I wasn’t terribly impressed by the entry-level (no age statement) Bulleit Bourbon. Luckily, I got a chance to try the 10 year-old bottling. Both bourbons are made from a mashbill of 68% corn, 28% rye, and 4% malted barley (for enzymes). At more than twice the price of its NAS sibling, the 10-year is essentially the same juice, but aged for a full 10 years in charred white American oak barrels and bottled at a very slightly higher 91.2 proof (45.6% ABV).
But where is Bulleit distilled? There is no Bulleit Distillery (yet, see below), and never has been. For years, until 2014, Diageo confirmed publicly that all of the bourbon that went into Bulleit was distilled at Four Roses (and presumably aged elsewhere). A rumor, combined with Diageo’s sudden refusal to answer questions on the matter, has lead renowned bourbon blogger Chuck Cowdery to conclude that Diageo is now getting some or all of its Bulleit bourbon from elsewhere. It’s generally thought that Diageo ages Bulleit at the warehouses at the Stitzel-Weller facility, which it owns. Still, since we’re talking about new-make here, you can assume that any bottle of 10-year sold until 2022 was made at Four Roses.
In 2014, Diageo announced that it was building a Bulleit distillery in Shelby County, Kentucky. The new distillery is expected to begin putting out spirit in 2016. Soon, Diageo won’t be only a NDP (non-distiller producer) of bourbon anymore!
Nose: Soft, woody caramel, pine sap, furniture polish, and a hint of maple syrup. Quite dry… with a sawdust quality.
Palate: Not too hot on the entry. Thin-ish body. Piney, eucalyptus, charcoal, nut skins, root beer. Still dry, but with a better balance than the aroma.
Finish: Charcoal pervades, with the attendant bitter oaky tannins, but the balance is nice, and there’s just enough fading sweetness to keep it so.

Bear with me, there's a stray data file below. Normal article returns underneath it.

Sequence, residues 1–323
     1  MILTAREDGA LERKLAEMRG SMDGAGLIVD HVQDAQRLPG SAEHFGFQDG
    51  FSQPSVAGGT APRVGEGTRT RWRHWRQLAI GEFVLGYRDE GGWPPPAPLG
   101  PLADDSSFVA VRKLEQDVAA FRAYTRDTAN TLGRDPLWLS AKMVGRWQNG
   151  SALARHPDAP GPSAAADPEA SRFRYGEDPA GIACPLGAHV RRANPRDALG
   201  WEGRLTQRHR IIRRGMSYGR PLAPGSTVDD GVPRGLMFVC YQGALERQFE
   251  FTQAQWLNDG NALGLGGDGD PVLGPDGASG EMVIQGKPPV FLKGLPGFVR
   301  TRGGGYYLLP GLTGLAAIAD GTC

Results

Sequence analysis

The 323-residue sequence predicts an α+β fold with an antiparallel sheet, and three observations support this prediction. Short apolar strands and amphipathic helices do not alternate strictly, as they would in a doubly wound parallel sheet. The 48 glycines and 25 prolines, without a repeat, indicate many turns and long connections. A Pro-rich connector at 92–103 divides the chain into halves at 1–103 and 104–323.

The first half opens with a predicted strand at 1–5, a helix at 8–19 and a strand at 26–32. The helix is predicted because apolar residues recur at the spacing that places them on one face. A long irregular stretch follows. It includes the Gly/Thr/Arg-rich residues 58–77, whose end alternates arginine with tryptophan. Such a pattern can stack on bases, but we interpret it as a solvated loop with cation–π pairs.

With Water: A little water perks up the nose, adding rock candy and candied pecans, complete with cinnamon. On the palate, it’s a little more vibrant, and a bit of maraschino cherry has crept in around the edges. I highly recommend a bit of water.
Overall: Like its younger sibling, Bulleit tastes like its marketing materials describe it – a rough-and-ready frontier whisky. It doesn’t pander with sugary candy notes, but gives you the oak and the alcohol up front and doesn’t much waver from that formula. The extra age has not markedly sweetened, mellowed, or concentrated the bourbon… but has removed many of the ‘acetone’ notes and given it a little softness around the edges and a little better balance on the finish. This presents a conundrum. At $25, the NAS Bulleit is underaged and suitable only for cocktails. At $50, the Bulleit 10 is eminently drinkable neat and makes very nice cocktails, but you could get both of those qualities in something that’s $40 or less. I can’t recommend that you suffer through the $25 version, or that you spring for the $50 version. That makes this “Try Before You Buy” since hey, maybe this is the bourbon flavor profile you’ve been searching for. Can’t hurt to try it.